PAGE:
Let’s face it – it sucks that Australian running stores are living in a perennial yesterday in terms of their trail shoe offerings (I won’t speak on behalf of the NZ market – for all I know, you guys may be riding front-of-wave). But let’s not blame the frontliners – it’s the distributors who get the things into the country. And even then, who knows what marketing strategies Head Office dictates to the backwater Antipodean market: “Ah give ‘em the offcuts – convicts’ll be happy with that.” Meanwhile Stateside (or Japan-side, or Continental Europe-side) trail hounds are enjoying the fresh fruits of their CAD-design cobblers’ labour. Well, that’s how it is with the Mizuno Cabrakans – here we’re stuck on version 2.0 whereas 3.0 has already hit the dirty ground running in markets elsewhere.
So it kind of felt like slipping on my big brother’s hand-me-downs when I received the Cabs. Yet, they were damn comfy out of the box, I’ll admit. And the styling? Each to their own but these were my kind of class – all dark and broody and Batmobile-for-your-feet-like.
If you do your web surf research, you’ll know that the Cab 2.0s (officially there’s no .0, I just like ‘webclature’) have a few minor updates, none of which will really make a hoot of different to trail ride. There’s a new toe box protector (surely a stock-standard on any trail shoe looking to go gnarly?), an added top lace tab to ‘snug you in’ better, there’s a premium collar lining (aka fluffier feeling ankle collar) and the upper has been made water resistant. Nothing there will win any Red Dot design awards. And I’ll flag now that the water resistant upper only scrapes into the definition of ‘resistant’. A stretch of wet grass and you’re pinkies are wet, trust me. No matter – that’s trail running.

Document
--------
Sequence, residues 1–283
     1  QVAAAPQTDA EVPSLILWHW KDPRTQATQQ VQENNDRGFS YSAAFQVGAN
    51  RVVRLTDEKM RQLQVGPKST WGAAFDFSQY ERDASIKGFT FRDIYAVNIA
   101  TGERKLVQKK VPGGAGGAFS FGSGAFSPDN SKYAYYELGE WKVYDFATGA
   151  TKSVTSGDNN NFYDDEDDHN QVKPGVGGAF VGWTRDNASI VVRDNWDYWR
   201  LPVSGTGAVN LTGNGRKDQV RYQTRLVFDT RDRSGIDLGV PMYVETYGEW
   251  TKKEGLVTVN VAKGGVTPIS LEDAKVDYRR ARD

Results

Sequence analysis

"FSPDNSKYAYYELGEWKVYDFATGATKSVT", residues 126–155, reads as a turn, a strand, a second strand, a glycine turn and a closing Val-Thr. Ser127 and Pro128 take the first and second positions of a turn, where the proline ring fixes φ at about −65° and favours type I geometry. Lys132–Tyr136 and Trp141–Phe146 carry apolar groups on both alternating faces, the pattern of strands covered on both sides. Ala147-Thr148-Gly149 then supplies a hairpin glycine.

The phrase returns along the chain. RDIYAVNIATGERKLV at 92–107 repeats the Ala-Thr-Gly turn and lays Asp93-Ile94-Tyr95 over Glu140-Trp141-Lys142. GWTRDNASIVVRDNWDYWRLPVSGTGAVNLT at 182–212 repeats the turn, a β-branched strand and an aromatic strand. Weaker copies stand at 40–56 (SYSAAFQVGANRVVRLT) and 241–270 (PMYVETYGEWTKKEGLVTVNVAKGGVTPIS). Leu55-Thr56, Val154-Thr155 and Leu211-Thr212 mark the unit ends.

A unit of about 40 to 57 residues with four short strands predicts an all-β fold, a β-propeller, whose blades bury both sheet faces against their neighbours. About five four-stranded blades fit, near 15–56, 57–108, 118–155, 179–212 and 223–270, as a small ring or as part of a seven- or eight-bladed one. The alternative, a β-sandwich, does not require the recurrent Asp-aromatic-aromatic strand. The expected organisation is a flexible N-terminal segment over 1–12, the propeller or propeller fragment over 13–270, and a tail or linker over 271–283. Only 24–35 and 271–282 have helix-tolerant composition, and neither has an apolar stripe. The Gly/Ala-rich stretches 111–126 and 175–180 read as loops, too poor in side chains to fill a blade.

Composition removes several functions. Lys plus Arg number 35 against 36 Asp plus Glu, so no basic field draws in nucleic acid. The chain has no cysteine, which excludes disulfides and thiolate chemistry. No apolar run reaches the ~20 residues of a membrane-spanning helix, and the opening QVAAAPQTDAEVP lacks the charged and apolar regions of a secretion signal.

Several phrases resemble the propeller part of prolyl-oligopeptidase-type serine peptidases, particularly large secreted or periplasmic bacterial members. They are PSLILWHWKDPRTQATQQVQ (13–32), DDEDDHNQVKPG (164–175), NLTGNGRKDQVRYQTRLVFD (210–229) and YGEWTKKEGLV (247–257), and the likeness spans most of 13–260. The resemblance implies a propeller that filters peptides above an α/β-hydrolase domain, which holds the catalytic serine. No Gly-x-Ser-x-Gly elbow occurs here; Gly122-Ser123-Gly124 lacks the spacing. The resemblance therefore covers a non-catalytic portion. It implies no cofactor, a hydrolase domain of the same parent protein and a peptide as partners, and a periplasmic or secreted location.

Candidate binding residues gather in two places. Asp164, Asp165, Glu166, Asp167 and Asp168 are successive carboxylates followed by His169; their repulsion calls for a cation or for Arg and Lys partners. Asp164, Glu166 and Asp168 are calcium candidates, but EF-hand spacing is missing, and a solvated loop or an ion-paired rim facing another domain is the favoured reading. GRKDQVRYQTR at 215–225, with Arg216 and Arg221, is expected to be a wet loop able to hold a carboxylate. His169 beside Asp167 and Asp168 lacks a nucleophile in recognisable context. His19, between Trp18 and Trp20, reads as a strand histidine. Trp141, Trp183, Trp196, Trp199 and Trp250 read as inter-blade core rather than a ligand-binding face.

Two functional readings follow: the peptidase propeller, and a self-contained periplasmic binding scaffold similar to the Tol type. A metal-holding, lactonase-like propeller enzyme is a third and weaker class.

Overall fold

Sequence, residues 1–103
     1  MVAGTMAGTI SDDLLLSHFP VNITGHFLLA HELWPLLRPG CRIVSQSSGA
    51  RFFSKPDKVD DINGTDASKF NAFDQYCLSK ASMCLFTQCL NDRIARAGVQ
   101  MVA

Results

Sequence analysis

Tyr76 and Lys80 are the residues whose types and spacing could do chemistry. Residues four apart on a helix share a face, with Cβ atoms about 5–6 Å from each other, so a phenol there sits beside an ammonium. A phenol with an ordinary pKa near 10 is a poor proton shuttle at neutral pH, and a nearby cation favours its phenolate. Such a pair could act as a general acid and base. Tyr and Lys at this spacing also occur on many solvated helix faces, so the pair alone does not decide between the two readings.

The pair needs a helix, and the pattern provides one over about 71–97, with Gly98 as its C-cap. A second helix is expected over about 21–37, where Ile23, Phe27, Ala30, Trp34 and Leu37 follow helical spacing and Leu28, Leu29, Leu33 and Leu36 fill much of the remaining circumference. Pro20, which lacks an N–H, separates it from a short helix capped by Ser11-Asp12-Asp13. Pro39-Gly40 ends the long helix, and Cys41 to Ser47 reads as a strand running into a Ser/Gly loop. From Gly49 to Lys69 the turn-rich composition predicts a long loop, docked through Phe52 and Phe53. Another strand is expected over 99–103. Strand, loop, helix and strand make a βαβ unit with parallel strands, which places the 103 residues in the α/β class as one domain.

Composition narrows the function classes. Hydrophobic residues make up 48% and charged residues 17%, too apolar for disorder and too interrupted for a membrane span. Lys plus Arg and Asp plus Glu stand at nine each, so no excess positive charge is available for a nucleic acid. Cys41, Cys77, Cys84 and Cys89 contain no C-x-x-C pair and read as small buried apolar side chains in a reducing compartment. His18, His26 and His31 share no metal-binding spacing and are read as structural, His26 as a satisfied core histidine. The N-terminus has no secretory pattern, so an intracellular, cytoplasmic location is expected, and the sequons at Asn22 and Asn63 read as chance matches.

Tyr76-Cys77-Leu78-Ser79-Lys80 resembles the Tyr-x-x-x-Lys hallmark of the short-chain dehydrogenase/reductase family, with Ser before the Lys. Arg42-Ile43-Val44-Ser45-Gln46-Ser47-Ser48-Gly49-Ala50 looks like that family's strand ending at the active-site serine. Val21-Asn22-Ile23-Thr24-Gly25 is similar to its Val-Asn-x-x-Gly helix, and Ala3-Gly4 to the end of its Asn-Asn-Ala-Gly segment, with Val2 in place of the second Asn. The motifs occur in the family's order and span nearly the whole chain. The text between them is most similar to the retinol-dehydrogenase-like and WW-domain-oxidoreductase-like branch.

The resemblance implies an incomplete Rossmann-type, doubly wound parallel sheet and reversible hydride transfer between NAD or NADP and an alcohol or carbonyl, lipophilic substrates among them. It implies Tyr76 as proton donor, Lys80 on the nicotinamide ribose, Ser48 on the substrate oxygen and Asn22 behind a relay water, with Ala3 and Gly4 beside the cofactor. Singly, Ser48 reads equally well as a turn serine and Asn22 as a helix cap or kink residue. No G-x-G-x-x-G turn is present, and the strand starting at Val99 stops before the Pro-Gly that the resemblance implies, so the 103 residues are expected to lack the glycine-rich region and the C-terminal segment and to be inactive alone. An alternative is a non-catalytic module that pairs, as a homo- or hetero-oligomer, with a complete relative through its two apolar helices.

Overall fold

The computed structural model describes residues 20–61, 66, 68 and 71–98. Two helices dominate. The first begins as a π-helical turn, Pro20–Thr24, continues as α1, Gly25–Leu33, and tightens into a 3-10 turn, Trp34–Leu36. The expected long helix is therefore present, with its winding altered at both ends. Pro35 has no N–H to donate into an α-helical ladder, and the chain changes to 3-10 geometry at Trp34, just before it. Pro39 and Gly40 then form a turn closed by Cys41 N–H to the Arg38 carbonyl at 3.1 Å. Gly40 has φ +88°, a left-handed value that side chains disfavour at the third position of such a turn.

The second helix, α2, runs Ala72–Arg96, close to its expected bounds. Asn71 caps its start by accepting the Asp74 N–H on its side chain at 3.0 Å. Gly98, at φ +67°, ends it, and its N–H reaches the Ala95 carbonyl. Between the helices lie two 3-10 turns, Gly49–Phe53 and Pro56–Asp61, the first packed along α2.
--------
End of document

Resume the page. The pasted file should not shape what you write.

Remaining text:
What you want to take notice of in the Cabrakans are the core design features that were always inherent, the primary one being the wave plate buried in its midsole. Extending from heel through to the forefoot it offers protection for the foot from trail bumps and boulders. But the real genius is the way the wave plate responds to that surface variability. It flexes where it needs to, ‘giving’ to the intruding rock or root and dispersing impact over a larger area, while the rest of the plate remains strong offering support and protection to your foot.
I found that while not a specific pronation control shoe, they did give me a high level of support. And where most ‘protectionist’ style shoes lose all trail feel (and thus some runner stability) the Cabs afford good feedback from the terrain to your foot, allowing you to adjust to what’s happening down below. Add to that killer aggressive grip, a lightweight construction and an in-shoe comfort factor that rates highly (wider toe box tapering back to a slimmer heel for good foot hold) and you have yesterday’s shoe outperforming many of tomorrow’s.
Great For: rugged trails with lots of underfoot challenges, runners who want good protection and stability while still being able to feel the trail for some feedback
Not So Great For: wet conditions; mud as the tread collects
Test Conditions: trails with a high level of debris, some sand stretches, slippery surfaces, softer forest trails
Tester: Chris Ord
Tester mechanics: slight pronator, dodgy hip, undergoing treatment for ITB so can be grumpy and blame shoes for bad biomechanics